Vital find was made by chance

Water channel protein was plentiful contaminant in blood cell experiment

October 09, 2003|By Frank D. Roylance | Frank D. Roylance,SUN STAFF

In the beginning there were frogs' eggs. And then they blew up.

That explosive moment during a 1991 experiment was all Dr. Peter Agre and colleagues at the Johns Hopkins medical school needed to prove that a blood cell protein they had come across was the long-sought key to the movement of water in and out of all human cells.

The experiment took barely five minutes. The first time Agre's staff activated that protein in the frogs' eggs, the eggs immediately began to swell.

In minutes, they burst.

"We knew we had it," Agre said yesterday. Still absorbing the news that his pioneering work had earned him a Nobel Prize in chemistry, he said, "I feel kind of like a guy who was lucky enough to be up at bat when the fastball was pitched down the middle."

Agre's discovery was published in the journal Science in April 1992. Subsequent research in his lab and others around the world has revealed a growing family of similar proteins, which he named "aquaporins," or "water channels."

Eleven have been identified in human cells alone. They're at work in organs and tissues such as the blood, kidneys, brain and eyes, regulating the balance of water inside cells to keep them healthy.

Water is lost as the body flushes away waste, cools itself and moistens exposed tissues, and it has to be replaced.

Aquaporins in kidney cells, for example, play a critical role. They work to concentrate urine, recovering water so it can be reused during heavy exercise and to dilute it so water can be expelled from the body when too much has accumulated.

"We're 80 percent water," said Mark A. Knepper, chief of the kidney and electrolyte lab at the National Institutes of Health and a longtime colleague of Agre. "It is important that that water is distributed throughout the body in an appropriate manner, and that we have just the right amount of water in our bodies."

New understanding of how and where these hourglass-shaped water channels function is opening up opportunities for the treatment of disease and targets for new pharmaceuticals.

For example, some people with a certain genetic mutation, or those receiving lithium to control manic depression, develop a rare form of diabetes, called diabetes insipidus.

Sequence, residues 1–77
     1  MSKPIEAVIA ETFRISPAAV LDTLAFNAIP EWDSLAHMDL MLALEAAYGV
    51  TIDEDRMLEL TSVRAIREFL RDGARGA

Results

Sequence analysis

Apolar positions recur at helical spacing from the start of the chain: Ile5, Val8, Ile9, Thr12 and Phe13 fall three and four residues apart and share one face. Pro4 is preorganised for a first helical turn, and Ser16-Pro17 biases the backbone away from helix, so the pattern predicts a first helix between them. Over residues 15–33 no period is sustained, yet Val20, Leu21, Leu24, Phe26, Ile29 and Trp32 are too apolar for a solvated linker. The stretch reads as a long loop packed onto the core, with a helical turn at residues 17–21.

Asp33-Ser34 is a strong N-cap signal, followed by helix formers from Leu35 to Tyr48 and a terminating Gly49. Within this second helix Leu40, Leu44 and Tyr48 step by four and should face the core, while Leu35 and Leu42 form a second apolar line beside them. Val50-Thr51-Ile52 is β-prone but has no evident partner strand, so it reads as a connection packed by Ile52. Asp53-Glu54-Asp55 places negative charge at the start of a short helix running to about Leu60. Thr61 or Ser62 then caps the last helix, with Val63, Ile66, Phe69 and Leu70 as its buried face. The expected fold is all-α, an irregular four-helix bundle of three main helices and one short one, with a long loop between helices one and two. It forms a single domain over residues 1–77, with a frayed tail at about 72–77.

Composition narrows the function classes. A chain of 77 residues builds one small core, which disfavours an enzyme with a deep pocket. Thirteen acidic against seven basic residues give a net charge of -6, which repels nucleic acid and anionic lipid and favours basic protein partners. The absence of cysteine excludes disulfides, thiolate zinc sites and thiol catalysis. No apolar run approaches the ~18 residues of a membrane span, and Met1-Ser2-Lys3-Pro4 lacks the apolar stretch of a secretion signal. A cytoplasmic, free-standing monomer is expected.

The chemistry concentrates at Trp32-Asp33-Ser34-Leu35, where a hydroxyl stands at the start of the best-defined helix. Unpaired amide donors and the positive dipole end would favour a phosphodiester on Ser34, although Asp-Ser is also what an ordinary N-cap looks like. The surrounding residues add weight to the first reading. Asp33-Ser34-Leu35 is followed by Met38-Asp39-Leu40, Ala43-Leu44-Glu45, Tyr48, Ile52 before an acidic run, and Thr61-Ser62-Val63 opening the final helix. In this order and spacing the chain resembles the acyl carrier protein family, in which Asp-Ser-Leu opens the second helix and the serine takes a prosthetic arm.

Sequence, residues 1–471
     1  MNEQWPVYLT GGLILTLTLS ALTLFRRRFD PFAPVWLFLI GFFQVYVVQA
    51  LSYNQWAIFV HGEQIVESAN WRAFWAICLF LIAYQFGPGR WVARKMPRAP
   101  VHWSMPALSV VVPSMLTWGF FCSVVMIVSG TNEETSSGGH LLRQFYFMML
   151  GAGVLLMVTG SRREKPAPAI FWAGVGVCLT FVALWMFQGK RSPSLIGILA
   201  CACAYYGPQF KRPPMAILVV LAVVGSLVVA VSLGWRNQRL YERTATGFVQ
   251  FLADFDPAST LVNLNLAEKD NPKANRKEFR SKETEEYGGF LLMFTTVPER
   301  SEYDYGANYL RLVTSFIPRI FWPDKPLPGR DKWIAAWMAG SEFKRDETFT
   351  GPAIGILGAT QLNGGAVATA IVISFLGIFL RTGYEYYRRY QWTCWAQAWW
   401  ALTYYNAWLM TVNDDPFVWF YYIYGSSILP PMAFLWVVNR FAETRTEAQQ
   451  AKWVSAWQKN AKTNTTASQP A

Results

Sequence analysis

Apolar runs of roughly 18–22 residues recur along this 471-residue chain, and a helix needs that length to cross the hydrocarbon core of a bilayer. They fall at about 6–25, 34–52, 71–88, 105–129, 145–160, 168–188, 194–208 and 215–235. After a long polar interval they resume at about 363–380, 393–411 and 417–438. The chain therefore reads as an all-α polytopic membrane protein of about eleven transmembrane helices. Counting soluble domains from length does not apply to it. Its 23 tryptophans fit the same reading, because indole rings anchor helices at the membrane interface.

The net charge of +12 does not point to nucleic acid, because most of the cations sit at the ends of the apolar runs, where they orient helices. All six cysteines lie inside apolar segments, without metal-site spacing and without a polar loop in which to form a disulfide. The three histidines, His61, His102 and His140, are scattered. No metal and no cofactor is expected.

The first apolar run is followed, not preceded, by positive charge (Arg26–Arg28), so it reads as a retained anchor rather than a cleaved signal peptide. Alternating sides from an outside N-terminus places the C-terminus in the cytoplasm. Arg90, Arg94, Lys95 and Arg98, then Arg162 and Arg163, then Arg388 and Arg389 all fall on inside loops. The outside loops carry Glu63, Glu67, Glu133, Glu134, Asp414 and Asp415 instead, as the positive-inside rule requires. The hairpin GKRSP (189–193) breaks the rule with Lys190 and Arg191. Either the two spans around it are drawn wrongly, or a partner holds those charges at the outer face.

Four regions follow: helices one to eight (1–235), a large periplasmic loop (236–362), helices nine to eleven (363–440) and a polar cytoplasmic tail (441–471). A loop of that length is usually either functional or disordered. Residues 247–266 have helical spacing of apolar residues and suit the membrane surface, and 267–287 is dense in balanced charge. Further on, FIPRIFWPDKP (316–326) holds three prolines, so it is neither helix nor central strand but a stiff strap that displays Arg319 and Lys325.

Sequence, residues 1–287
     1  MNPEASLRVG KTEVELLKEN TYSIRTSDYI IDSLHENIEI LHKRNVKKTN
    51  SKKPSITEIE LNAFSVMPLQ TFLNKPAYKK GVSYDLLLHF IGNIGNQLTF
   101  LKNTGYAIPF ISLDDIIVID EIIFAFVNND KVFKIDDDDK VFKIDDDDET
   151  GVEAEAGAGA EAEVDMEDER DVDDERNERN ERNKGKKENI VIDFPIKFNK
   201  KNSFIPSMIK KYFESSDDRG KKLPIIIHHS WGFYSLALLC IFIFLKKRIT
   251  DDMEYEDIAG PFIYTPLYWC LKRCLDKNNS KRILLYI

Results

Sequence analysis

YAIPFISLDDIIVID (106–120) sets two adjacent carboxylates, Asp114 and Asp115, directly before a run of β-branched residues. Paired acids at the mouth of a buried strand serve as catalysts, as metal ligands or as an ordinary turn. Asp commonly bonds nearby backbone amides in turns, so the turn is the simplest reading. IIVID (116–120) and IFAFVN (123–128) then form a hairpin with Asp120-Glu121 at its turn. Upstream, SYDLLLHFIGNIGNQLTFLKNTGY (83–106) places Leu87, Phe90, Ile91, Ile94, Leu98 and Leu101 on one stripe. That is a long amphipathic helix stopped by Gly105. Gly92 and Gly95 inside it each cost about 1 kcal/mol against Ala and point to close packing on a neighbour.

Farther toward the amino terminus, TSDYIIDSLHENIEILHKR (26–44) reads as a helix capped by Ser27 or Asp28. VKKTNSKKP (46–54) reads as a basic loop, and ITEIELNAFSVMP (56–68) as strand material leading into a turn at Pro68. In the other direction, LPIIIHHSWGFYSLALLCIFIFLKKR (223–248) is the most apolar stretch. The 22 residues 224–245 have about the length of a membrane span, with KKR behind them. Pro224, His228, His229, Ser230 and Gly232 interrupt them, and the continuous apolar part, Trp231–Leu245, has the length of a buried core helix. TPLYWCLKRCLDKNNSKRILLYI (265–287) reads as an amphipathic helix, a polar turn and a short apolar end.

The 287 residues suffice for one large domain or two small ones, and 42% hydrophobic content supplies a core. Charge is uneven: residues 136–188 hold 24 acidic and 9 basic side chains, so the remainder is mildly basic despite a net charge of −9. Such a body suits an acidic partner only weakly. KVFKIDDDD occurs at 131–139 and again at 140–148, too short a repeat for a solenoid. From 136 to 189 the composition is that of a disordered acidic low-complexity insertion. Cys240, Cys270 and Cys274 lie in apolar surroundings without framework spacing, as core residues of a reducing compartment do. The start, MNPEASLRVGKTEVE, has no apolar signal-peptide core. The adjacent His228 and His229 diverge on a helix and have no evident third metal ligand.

The disorder causes them to lose large volumes of water through their kidneys - as much as 10 to 15 liters a day. (One liter of urine output per day is normal.) They must drink enormous amounts of water to survive.

Work by Agre and his colleagues has revealed that the lithium is suppressing the work of a key water channel in the kidneys, called AQP2.

"We expect to be able to help these patients get the benefit of the lithium and not deal with the consequences," Knepper said.

Dr. Landon S. King, associate professor of medicine at Hopkins, is exploring the role of aquaporins in maintaining the viability of hair-like cilia that clear germs and toxins from airways in the lungs. His group wants to know whether reduced water channel function in some people allows those cilia to dry out, contributing to emphysema and chronic bronchitis.

"Peter has made a fundamental observation that has changed the way we view basic aspects of cell function," King said. "It's not just an incremental advance; this is a sea change."

Scientists in the 19th century knew that there had to be openings in cell walls to allow the transfer of water and salts. Some believed the water just seeped through.

By the 1950s, however, many had concluded that some sort of gateway must be operating to allow the rapid transfer of water through cell walls, while restricting other substances. But no one knew how it worked.

It was not until the work by Agre's lab in 1991 that the mechanism was identified.

Dr. William B. Guggino, a professor of physiology and pediatrics at Hopkins, and co-author of the 1992 Science paper, said Agre wasn't looking for water channels.

He was using a novel purification technique to look for new proteins on the surface of red blood cells, substances - Rh factors - that help to define blood types.

"He happened to purify a protein that was one of the major proteins in the cell membrane," Guggino said.

The stuff was a contaminant in the experiment. But it caught the researchers' attention. It was one of the most abundant proteins in the cell membrane. It turned up also in kidney cells and in plants. And yet no one had ever identified it.

"Since it was very abundant," Guggino said, "he [Agre] thought it had to do something very important."

Consulting with a former colleague, Dr. John Parker at the University of North Carolina at Chapel Hill, Agre and Guggino discussed whether it might be the long-sought cellular water channel.

That led to the experiment with the frog eggs. Because these eggs are laid in water, they must be mostly impermeable to the water around them to remain intact.

Agre and his team cloned the mysterious protein they had discovered and injected its genes into six eggs, leaving another six untouched. The eggs were then placed in fresh water.

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